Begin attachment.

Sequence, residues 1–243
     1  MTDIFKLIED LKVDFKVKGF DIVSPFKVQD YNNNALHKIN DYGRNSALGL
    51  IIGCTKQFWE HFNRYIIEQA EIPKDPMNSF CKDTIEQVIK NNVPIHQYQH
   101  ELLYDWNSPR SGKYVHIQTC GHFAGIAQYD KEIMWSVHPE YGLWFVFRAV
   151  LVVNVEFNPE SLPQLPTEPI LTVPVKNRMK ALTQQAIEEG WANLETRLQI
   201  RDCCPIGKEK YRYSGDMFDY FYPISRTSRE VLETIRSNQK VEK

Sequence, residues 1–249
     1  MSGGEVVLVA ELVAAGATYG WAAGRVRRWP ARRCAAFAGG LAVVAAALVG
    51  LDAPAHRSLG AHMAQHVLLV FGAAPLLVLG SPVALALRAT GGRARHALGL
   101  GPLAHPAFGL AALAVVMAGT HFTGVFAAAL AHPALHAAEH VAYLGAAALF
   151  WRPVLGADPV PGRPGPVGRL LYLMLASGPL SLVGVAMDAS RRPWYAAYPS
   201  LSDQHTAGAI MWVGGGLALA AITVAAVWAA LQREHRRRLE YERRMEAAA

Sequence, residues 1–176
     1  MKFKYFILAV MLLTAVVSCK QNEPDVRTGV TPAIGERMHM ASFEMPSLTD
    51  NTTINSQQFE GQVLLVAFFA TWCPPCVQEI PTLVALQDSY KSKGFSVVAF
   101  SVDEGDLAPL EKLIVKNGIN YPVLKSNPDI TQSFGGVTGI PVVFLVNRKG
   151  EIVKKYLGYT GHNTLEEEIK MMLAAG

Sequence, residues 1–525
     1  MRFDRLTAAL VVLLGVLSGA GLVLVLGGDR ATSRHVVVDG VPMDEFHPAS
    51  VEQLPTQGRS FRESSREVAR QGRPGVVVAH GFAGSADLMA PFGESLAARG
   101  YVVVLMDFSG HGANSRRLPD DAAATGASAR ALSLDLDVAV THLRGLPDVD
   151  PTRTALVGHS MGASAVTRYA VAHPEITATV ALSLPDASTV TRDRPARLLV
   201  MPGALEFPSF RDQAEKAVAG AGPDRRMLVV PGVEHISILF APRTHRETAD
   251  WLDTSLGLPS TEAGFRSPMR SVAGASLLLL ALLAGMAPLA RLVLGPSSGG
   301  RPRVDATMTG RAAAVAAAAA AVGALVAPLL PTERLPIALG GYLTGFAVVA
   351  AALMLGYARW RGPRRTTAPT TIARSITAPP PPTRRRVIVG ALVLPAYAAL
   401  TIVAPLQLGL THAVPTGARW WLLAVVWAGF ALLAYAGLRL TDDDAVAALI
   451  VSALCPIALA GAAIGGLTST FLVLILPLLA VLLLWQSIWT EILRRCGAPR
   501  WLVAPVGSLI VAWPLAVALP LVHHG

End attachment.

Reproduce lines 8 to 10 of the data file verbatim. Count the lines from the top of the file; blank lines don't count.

     1  MSGGEVVLVA ELVAAGATYG WAAGRVRRWP ARRCAAFAGG LAVVAAALVG
    51  LDAPAHRSLG AHMAQHVLLV FGAAPLLVLG SPVALALRAT GGRARHALGL
   101  GPLAHPAFGL AALAVVMAGT HFTGVFAAAL AHPALHAAEH VAYLGAAALF